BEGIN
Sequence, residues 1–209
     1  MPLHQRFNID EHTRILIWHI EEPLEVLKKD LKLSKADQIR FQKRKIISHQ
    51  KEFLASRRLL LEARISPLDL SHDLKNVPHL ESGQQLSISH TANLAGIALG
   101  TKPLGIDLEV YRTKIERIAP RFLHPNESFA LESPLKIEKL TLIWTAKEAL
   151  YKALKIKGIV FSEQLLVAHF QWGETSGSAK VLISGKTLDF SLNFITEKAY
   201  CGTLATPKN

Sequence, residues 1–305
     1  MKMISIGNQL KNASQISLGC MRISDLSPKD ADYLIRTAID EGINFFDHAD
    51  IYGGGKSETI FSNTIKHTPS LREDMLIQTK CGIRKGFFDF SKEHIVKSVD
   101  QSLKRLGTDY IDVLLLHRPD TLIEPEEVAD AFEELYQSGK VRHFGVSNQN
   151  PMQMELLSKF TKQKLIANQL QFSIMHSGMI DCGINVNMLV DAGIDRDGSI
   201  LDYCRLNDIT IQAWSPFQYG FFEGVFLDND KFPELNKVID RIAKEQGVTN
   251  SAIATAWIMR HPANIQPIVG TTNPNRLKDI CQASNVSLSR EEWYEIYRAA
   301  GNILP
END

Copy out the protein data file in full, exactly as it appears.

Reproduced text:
Sequence, residues 1–209
     1  MPLHQRFNID EHTRILIWHI EEPLEVLKKD LKLSKADQIR FQKRKIISHQ
    51  KEFLASRRLL LEARISPLDL SHDLKNVPHL ESGQQLSISH TANLAGIALG
   101  TKPLGIDLEV YRTKIERIAP RFLHPNESFA LESPLKIEKL TLIWTAKEAL
   151  YKALKIKGIV FSEQLLVAHF QWGETSGSAK VLISGKTLDF SLNFITEKAY
   201  CGTLATPKN

Sequence, residues 1–305
     1  MKMISIGNQL KNASQISLGC MRISDLSPKD ADYLIRTAID EGINFFDHAD
    51  IYGGGKSETI FSNTIKHTPS LREDMLIQTK CGIRKGFFDF SKEHIVKSVD
   101  QSLKRLGTDY IDVLLLHRPD TLIEPEEVAD AFEELYQSGK VRHFGVSNQN
   151  PMQMELLSKF TKQKLIANQL QFSIMHSGMI DCGINVNMLV DAGIDRDGSI
   201  LDYCRLNDIT IQAWSPFQYG FFEGVFLDND KFPELNKVID RIAKEQGVTN
   251  SAIATAWIMR HPANIQPIVG TTNPNRLKDI CQASNVSLSR EEWYEIYRAA
   301  GNILP